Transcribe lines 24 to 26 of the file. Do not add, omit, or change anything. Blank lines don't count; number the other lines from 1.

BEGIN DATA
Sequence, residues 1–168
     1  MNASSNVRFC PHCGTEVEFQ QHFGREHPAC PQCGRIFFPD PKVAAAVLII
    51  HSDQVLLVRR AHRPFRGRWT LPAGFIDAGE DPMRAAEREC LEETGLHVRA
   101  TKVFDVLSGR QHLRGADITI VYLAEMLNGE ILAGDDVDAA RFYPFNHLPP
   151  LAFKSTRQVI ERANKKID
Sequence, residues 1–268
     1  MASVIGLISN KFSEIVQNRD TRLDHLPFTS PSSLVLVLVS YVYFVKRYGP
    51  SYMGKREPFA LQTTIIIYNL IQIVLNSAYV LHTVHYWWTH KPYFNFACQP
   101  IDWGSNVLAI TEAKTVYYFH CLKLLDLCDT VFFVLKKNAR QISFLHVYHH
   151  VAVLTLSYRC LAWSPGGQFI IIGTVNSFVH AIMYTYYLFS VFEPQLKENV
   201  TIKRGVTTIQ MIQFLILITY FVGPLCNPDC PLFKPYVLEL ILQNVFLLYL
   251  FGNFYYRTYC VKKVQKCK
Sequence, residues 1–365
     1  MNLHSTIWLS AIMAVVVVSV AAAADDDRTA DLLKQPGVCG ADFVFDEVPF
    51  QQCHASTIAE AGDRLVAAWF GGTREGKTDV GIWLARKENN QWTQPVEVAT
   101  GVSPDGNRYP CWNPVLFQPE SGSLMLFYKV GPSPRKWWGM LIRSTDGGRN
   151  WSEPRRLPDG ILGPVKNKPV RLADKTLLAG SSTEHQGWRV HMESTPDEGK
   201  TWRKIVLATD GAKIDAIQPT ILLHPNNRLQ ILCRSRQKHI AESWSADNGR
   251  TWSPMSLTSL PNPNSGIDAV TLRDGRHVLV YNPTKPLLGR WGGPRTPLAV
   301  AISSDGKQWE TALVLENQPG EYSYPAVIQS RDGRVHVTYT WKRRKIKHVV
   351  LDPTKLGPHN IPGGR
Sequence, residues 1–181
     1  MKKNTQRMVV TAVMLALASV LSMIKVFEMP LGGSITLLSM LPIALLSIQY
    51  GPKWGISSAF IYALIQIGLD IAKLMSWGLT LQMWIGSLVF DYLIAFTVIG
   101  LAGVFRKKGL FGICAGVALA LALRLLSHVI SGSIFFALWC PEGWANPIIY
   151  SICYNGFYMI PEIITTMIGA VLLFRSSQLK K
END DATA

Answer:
    51  GPKWGISSAF IYALIQIGLD IAKLMSWGLT LQMWIGSLVF DYLIAFTVIG
   101  LAGVFRKKGL FGICAGVALA LALRLLSHVI SGSIFFALWC PEGWANPIIY
   151  SICYNGFYMI PEIITTMIGA VLLFRSSQLK K